CO Alex Bourgeois was patrolling near Negwegon State Park when he observed a blind on state land. CO Bourgeois discovered that the blind did not have any information on it and was facing private property. CO Bourgeois walked the property line and observed sugar beets in front of the blind on the private property. CO Jon Sheppard arrived shortly after to assist. The COs contacted the landowner and addressed the violation.

CO Dan Liestenfeltz was patrolling state land when he discovered a vehicle that had recently been in a traffic crash. CO Liestenfeltz observed a vehicle in a ditch that had struck a tree causing significant damage and airbag deployment. CO Liestenfeltz contacted the driver who stated they had hit a deer which caused them to drive off the roadway and strike the tree. The sole subject inside the vehicle was uninjured. CO Liestenfeltz had emergency medical services (EMS) come to the scene due to the level of damage to the car in order to make sure the driver was indeed ok. 

CO Jon Sheppard received a complaint from Alpena County Central Dispatch of several people hunting on county property near Long Lake. CO Sheppard responded to the property and tracked the hunters until he contacted them. CO Sheppard advised them that there was no hunting on county property and verbally warned them about not hunting the property in the future.

CO Paul Fox responded to numerous reports regarding a bull elk in the city limits of Rogers City. The elk, seemingly comfortable with his newfound home, was creating a large crowd of on lookers. Eventually, people started getting close to it and attempted to feed the bull. CO Fox, along with the help of the Rogers City Police Department, were able to drive the elk out of town and into a wooded area. Numerous contacts were made with the public, city government, and local newspapers regarding the elk. People were advised to stay away from the animal and let it return to its traditional range.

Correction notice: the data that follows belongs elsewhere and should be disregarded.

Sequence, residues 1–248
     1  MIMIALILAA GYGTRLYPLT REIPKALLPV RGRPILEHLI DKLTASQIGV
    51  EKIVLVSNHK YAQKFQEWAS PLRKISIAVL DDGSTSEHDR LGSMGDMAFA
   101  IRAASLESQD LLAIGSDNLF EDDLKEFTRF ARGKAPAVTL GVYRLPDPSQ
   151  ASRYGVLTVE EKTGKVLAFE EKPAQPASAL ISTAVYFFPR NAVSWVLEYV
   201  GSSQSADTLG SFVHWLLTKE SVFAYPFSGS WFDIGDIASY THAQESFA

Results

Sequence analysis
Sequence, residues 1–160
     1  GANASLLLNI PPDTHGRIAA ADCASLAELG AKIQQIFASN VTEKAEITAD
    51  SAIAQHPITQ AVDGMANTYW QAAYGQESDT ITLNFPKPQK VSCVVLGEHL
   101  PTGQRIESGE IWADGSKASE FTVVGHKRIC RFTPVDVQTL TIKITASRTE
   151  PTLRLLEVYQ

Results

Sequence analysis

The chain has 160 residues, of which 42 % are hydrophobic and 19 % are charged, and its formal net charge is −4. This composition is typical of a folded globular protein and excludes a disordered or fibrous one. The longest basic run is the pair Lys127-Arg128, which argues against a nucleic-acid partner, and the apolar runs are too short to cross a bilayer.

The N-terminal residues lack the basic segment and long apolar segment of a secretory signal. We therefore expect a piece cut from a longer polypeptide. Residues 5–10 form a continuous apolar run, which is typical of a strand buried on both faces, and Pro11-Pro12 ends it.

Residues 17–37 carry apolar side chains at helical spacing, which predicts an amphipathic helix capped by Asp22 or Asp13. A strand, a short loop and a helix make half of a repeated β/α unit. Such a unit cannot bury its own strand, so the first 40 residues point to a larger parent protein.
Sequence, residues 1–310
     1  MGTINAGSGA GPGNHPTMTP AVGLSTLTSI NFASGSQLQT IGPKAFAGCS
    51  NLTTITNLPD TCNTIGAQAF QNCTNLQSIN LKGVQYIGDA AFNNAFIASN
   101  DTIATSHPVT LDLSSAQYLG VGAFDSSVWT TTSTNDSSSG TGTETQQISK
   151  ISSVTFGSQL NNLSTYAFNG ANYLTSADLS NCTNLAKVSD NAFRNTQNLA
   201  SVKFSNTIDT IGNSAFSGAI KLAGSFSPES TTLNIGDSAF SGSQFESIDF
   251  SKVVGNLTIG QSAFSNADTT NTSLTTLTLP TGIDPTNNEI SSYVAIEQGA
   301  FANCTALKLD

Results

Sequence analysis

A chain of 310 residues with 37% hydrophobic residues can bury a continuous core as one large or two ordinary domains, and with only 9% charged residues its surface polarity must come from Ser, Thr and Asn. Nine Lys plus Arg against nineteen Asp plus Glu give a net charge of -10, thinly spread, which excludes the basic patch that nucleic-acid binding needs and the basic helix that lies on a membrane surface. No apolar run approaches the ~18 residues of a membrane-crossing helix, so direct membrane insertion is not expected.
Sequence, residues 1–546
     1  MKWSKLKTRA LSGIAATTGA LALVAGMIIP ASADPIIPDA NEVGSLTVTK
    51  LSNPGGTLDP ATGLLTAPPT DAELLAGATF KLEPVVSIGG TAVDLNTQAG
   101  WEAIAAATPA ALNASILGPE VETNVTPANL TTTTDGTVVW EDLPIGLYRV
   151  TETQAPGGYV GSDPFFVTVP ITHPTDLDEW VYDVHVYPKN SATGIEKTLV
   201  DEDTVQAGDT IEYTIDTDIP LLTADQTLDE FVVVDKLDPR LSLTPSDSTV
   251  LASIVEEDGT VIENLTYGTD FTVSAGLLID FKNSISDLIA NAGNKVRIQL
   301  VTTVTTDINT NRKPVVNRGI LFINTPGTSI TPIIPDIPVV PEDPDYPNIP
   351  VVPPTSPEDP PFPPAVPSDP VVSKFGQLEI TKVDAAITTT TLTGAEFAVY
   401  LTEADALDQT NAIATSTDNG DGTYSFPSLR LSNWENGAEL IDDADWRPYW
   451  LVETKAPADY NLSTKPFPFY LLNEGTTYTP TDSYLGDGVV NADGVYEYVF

COs Logan Turner and Zack Walters were on patrol when they heard a volley of shots coming from the Petobego Marsh. There were only five minutes left of legal shooting time for waterfowl; the two COs were able to locate the waterfowl hunters due to the muzzle flash from their guns. Several minutes after shooting hours ended, the COs watched the two hunters drop four birds. The hunters were contacted, and CO Turner asked the two hunters how their hunt was, they stated they had only shot one bird. CO Turner informed the two hunters they shot 28 minutes after legal shooting hours and that they failed to attempt to retrieve birds. The two hunters stated that they couldn’t go look for the other birds due to not having waders. Violations for the two individuals were hunt after published shooting hours, fail to retrieve birds, no personal flotation device (PFD), unregistered vessel, and hunt without federal waterfowl stamp.

CO Logan Turner got an anonymous report of a spike buck being killed in Benzie County, which is an antler point restrictions (APR) zone. His investigation revealed that the suspect lived in Alger County and had already returned home. CO Turner contacted CO Brandon Maki in Alger County to continue the investigation. CO Maki interviewed the subject and obtained a full confession. CO Maki seized the deer and charges are being sought in Benzie County for taking an illegal buck in the APR zone.